Some 3,000 people got a rare glimpse of the spot where the first nuclear bomb was detonated on July 16, 1945, as the Trinity Site at the White Sands Missile Range in New Mexico opened to visitors Saturday.
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"The atomic age began with a bang right here on this spot in 1945. To a lot of people being on this site and seeing where it happened means a lot," White Sands Missile Range Public Affairs Officer Drew Hamilton said.
The Trinity test bomb was the same size as the "Fat Man" bomb dropped on Nagasaki and slightly bigger than the "Little Boy" bomb dropped on Hiroshima. Robert Hermes, a retired Los Alamos scientist, said he believed the nuclear bomb was the biggest scientific breakthrough ever.
"To me, the fact that they did it in two-and-a-half, three years is unbelievably phenomenal. Because of all the infrastructure they had to build, they had to build Hanford and they had to build Oakridge and all the purification. Just to make enough material to do this test and drop the bombs on Japan," he said.
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Hermes explained that the mushroom cloud from the blast rose to about 40,000 feet and radiation from the fallout could be traced all the way to Kansas.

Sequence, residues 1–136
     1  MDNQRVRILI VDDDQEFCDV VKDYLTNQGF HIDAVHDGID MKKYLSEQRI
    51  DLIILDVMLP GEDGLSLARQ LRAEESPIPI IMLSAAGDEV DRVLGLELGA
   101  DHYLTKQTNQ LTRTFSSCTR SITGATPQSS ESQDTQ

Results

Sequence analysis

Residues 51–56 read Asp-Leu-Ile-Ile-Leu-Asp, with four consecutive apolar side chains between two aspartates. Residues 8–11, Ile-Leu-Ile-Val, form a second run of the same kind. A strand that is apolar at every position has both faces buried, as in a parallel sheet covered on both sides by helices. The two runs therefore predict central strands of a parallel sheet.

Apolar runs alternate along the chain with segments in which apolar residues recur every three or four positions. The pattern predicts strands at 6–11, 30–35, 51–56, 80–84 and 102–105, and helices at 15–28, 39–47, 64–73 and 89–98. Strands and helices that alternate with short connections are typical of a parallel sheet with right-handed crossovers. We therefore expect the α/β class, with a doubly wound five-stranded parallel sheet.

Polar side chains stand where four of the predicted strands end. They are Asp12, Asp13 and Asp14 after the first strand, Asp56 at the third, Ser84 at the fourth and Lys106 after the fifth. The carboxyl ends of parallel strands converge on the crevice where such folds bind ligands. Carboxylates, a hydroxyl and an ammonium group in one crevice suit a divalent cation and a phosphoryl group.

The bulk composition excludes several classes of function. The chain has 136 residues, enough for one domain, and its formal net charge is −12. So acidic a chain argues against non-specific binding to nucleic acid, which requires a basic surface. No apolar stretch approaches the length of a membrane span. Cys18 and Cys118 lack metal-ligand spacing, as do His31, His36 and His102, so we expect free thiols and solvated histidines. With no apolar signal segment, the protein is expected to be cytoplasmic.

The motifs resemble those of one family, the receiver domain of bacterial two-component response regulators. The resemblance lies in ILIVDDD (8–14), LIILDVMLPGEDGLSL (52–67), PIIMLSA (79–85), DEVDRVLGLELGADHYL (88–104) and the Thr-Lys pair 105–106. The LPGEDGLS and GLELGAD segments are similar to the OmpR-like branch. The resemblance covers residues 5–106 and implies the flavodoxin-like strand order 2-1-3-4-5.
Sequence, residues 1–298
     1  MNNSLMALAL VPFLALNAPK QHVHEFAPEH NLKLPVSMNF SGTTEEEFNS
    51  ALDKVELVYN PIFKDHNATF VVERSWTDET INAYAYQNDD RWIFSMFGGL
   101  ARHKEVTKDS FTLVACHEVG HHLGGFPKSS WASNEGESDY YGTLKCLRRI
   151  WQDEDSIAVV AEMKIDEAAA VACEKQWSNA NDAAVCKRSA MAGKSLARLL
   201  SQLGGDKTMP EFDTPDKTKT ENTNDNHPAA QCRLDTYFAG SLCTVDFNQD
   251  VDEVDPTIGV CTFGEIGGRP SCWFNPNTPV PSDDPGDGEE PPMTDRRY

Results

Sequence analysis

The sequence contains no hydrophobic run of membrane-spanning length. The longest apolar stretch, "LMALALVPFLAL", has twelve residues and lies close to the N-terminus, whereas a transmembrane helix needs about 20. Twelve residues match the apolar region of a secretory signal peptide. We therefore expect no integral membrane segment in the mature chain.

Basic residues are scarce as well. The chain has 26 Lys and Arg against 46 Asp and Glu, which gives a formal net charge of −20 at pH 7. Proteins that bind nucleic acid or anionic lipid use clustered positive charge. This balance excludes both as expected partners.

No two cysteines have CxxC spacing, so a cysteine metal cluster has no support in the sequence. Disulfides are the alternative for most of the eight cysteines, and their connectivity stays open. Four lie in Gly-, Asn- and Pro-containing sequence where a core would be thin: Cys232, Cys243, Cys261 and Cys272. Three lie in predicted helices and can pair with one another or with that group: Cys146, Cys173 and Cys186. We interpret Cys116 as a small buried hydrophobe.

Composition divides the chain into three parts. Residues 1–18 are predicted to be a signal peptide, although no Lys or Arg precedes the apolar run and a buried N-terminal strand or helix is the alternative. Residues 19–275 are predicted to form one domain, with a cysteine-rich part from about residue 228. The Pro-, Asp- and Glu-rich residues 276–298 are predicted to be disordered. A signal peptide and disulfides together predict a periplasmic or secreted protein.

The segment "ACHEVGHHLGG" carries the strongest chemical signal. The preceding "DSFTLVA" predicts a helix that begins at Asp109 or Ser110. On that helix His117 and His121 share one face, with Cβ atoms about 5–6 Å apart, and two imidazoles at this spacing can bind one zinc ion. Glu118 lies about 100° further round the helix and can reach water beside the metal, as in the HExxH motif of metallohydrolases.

There isn't much radiation anymore. According to the U.S. Nuclear Regulatory Commission and the American Nuclear Society, a one hour visit to ground zero will result in a full body exposure of about one-half to one millirem. The average adult receives about 360 millirems ever year from natural and medical sources. To compare, spending a couple hours at the Trinity site is about the same as taking a flight from New York to Los Angeles.
Although there's little radiation, there's still history to see. Visitors can see trinite, which is a glassy green substance that formed when the explosion blew over the sand. They can also see Jumbo, a giant steel cylinder that was originally built to house the bomb but was instead put near the bomb to see if it would survive the blast; it did.
The White Sands Missile Range Commanding General believes this is important history for people to see.
"From a standpoint of a solider I think it's vital for people to understand war and the effects of war as well," said General Eric Sanchez.
About 20 protesters camped out at the entrance of the site. They claim the radiation from the test affects their health. One protester, Cecilia Gallegos Romero, said five of her family members have died of cancer and she's a cancer survivor. Romero lived about 15 miles away from the test site and vividly remembers the morning the bomb went off. The protesters want the money to give them money from medical bills.
"There's just a whole bunch of cancer going on in our family. It's no fun to see them die of cancer," said Romero.